Trek Bikes Slash 9.8 2016 Mountain Bike Review

Trek Bikes Slash 9.8 2016

Reviews / Enduro Bikes

Trek Bikes 1,642,047

At A Glance

If it ain’t broke, don’t fix it. Six years ago Trek developed this suspension design, it was hugely successful and they’ve stuck with it. The Slash 9.8 is a very well thought out and brilliantly executed application of this platform aimed at the enduro rider looking for a highly capable 27.5 wheeled machine.

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The design criteria for this discipline of mountain biking is a minefield for the manufacturer. They must create a bike capable of withstanding high speeds and brutal punishment on the downhills, but to be light and agile enough to tackle any demanding ascent you’d encounter on your all-mountain epic.

Trek have accomplished this well. The near fully carbon frame on the Slash (bar the chainstays and their ‘Evo’ rocker link) is light, stiff, and confidence-inspiring. This platform makes for a solid descent, with support in the corners not unlike a bigger, more downhill orientated bike. Point the Slash upwards, and it turns into an agile and efficient climbing machine.

The frame is nothing without the tried-and-tested suspension combo from Rock Shox. Pikes take care of damping duties upfront while the exceptional Monarch Plus RC3 handles the rear. Normally Trek use a custom Fox DRCV RE:aktiv shock. Although the DRCV is good, it doesn’t quite have the progressive nature to cater for the Slash’s downhill aspirations.

The Monarch Plus manages this with its piggyback cartridge and a much bigger volume. Three compression settings ensure the bike is supple and grippy in all conditions. Coupled with Trek’s Full Floater Linkage, the suspension feels bottomless, while still being supportive. Small bumps are soaked up effortlessly and the bike keeps its poise ready for the bigger hits.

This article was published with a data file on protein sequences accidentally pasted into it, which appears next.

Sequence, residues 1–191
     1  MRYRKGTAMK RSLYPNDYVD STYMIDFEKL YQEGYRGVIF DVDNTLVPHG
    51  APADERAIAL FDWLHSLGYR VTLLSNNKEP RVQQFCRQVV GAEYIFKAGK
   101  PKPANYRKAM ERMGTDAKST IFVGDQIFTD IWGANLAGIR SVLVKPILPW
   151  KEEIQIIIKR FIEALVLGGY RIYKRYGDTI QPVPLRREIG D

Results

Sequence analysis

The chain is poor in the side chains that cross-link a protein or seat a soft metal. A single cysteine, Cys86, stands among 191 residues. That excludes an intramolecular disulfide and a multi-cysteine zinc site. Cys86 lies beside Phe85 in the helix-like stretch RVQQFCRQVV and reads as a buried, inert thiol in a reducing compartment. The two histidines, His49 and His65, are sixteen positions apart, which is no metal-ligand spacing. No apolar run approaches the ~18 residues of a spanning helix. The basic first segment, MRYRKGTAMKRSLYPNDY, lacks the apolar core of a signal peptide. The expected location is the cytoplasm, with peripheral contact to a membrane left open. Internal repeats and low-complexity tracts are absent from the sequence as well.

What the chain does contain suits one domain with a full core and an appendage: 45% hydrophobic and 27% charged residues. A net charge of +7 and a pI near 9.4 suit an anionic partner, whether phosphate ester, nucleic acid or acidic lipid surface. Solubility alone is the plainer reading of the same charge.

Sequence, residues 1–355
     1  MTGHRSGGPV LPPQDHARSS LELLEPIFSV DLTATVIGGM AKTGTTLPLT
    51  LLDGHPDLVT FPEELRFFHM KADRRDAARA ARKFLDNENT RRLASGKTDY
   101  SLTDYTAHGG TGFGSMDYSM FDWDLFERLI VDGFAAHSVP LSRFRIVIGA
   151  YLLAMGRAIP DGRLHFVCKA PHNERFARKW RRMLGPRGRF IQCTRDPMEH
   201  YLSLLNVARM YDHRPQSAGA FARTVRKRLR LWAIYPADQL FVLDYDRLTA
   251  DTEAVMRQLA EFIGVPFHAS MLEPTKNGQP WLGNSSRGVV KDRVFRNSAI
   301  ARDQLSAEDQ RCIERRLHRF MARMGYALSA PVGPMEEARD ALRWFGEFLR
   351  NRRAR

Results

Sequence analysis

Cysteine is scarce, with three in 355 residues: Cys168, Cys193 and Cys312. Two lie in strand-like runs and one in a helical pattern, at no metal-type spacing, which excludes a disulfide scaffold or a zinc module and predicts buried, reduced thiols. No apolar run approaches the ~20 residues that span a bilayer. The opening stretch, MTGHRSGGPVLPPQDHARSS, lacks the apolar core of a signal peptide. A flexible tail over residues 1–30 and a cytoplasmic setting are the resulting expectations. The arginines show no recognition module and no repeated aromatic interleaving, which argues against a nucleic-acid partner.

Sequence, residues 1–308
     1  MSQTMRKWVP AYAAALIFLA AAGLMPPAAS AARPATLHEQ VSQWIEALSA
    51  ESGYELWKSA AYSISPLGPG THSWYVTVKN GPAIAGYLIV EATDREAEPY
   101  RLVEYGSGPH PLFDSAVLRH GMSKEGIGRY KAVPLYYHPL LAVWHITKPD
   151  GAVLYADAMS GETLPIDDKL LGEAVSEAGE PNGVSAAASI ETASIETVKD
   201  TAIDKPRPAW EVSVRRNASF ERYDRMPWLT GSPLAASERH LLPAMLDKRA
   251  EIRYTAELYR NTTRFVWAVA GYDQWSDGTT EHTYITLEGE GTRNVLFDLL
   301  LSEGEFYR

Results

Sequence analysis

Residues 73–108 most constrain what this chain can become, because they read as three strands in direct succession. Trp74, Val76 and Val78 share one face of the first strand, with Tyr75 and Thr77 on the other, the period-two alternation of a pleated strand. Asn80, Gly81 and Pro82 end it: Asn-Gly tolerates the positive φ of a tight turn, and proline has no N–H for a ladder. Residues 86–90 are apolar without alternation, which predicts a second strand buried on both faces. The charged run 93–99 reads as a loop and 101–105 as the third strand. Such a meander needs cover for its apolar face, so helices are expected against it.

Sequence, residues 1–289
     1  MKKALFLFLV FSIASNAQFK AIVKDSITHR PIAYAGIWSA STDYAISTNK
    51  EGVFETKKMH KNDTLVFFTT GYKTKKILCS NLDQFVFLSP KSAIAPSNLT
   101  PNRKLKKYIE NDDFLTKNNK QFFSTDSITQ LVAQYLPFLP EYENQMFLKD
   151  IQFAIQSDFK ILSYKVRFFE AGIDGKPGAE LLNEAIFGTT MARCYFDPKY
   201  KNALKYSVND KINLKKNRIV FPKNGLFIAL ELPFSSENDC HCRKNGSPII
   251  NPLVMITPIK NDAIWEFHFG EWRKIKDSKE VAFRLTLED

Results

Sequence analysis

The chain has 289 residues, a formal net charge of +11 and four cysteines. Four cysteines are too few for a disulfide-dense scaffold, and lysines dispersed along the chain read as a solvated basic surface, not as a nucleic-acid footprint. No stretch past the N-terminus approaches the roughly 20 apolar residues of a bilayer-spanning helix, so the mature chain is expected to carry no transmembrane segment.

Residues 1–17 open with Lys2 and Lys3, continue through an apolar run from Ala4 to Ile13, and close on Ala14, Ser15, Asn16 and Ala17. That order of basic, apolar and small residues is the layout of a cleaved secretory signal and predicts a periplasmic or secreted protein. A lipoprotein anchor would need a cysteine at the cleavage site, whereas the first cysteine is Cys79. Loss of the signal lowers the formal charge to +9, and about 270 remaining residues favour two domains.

Tech Heads

The SRAM 11 Speed X1 Drivetrain needs no introduction. It worked faultlessly throughout testing with no adjustment whatsoever. It handles steep uphill gear changes with ease, and there wasn’t even a hint of dropping a chain, even on the roughest downhills. If it were mine, I would add a small top guide for belt-and-braces security, but that’s probably over the top - the narrow/wide chainring and mech work perfectly together.

Bontrager Maverick Pro TLR rims are shod with their meaty XR4 tyres. Being of the new 35mm breed of rim, these offer fantastic support and amazing stiffness. These wheels make an already quick bike accelerate like nothing else.

SRAM takes a break when it comes to stopping duties, bowing out to the legendary Shimano XTs. With a 203mm rotor up front, it’s clear what Trek want you to be doing on this. The brakes worked perfectly throughout testing without any fade on long descents.

The dual position Pikes and Monarch Plus shock lend themselves to the riding that the Slash was made for. Fully open and fully extended, the suspension platform allows for fast descents over truly rough terrain. Even when you start testing it, the bike is as steady as a rock and doesn’t let you down. Dropping the forks down to 130mm, and ramping up the Monarch’s compression setting creates a solid and very efficient pedalling platform for the grind back up.

On The Trail

Straight out of the box, Trek’s intentions are clear with this model. The 65.5 head angle is very slack for a do-it-all bike. That being said, it’s no slouch on the uphills, and even after a long day in the saddle, ascending is never a chore on the Slash.

On the downhills is where it really shines though. The phenomenal grip generated by the big high-volume tyres, wide rims, beautifully plush suspension, and solid frame allows you to push the Slash 9.8 further than you’d think. This bike is knocking on the doors of matching downhill rig capabilities, you can truly point and shoot it wherever takes your fancy - it's a truly well-balanced machine! The clever ‘Mino’ link system allows an even slacker option of bang on 65 degrees. 65 degrees is a bit slack for every day use, but for riders taking this on uplift days, it adds even more versatility.

Spec wise, I wouldn’t change a thing. Everything serves an important purpose and does it very well. Trek have managed the most difficult task in mountain biking with ease, and in doing so have created a truly fantastic bike.

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This review was in Issue 39 of IMB.

For more information visit Trek Bikes


By Will Simmons

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